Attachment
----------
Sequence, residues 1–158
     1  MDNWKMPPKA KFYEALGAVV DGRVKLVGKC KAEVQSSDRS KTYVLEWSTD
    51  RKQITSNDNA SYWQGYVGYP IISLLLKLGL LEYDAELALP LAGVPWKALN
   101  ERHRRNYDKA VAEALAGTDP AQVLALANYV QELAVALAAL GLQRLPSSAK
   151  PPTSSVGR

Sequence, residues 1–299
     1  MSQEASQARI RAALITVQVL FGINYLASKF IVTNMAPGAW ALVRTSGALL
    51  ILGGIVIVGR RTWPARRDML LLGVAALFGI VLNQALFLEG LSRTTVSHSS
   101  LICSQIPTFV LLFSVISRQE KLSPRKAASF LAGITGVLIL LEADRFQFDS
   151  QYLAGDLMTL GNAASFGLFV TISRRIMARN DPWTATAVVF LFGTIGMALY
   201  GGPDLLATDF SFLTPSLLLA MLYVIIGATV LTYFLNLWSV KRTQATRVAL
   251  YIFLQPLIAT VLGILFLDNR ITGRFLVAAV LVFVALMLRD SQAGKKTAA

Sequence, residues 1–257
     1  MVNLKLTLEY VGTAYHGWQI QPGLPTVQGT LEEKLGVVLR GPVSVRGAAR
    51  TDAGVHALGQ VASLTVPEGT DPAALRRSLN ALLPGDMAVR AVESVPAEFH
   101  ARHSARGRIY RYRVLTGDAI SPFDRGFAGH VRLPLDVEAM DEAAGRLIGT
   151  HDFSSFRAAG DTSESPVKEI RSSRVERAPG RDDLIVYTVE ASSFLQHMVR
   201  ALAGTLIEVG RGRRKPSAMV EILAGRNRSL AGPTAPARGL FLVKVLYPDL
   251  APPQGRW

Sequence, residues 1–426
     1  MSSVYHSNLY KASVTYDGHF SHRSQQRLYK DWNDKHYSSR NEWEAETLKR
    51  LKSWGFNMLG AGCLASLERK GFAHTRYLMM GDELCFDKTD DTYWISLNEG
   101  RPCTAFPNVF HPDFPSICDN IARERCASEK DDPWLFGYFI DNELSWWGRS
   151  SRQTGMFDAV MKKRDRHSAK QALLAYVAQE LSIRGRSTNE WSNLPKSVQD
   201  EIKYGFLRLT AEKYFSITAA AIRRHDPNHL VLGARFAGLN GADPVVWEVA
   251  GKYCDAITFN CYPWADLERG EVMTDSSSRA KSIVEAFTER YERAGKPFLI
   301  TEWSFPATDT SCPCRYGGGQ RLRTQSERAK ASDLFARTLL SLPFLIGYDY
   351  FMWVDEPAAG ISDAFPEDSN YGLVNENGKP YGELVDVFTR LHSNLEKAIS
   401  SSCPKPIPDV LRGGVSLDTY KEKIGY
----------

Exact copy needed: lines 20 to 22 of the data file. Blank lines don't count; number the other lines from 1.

Sequence, residues 1–426
     1  MSSVYHSNLY KASVTYDGHF SHRSQQRLYK DWNDKHYSSR NEWEAETLKR
    51  LKSWGFNMLG AGCLASLERK GFAHTRYLMM GDELCFDKTD DTYWISLNEG